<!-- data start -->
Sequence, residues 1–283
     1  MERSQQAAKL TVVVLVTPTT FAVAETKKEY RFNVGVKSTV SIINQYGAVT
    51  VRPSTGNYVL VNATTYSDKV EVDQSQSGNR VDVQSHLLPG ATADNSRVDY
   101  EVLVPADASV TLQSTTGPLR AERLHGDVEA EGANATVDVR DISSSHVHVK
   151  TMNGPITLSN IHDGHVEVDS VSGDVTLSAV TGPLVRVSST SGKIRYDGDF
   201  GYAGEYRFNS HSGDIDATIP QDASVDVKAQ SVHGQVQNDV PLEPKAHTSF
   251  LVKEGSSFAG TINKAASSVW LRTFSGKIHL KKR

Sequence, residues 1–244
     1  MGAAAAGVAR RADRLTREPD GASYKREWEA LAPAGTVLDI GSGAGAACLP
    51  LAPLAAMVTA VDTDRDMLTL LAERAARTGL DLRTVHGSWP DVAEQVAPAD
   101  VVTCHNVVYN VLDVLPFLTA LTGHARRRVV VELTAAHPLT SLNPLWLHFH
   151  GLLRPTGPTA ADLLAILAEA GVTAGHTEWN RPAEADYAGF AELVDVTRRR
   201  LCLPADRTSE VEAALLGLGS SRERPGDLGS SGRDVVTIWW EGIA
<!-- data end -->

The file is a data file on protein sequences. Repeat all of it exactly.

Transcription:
Sequence, residues 1–283
     1  MERSQQAAKL TVVVLVTPTT FAVAETKKEY RFNVGVKSTV SIINQYGAVT
    51  VRPSTGNYVL VNATTYSDKV EVDQSQSGNR VDVQSHLLPG ATADNSRVDY
   101  EVLVPADASV TLQSTTGPLR AERLHGDVEA EGANATVDVR DISSSHVHVK
   151  TMNGPITLSN IHDGHVEVDS VSGDVTLSAV TGPLVRVSST SGKIRYDGDF
   201  GYAGEYRFNS HSGDIDATIP QDASVDVKAQ SVHGQVQNDV PLEPKAHTSF
   251  LVKEGSSFAG TINKAASSVW LRTFSGKIHL KKR

Sequence, residues 1–244
     1  MGAAAAGVAR RADRLTREPD GASYKREWEA LAPAGTVLDI GSGAGAACLP
    51  LAPLAAMVTA VDTDRDMLTL LAERAARTGL DLRTVHGSWP DVAEQVAPAD
   101  VVTCHNVVYN VLDVLPFLTA LTGHARRRVV VELTAAHPLT SLNPLWLHFH
   151  GLLRPTGPTA ADLLAILAEA GVTAGHTEWN RPAEADYAGF AELVDVTRRR
   201  LCLPADRTSE VEAALLGLGS SRERPGDLGS SGRDVVTIWW EGIA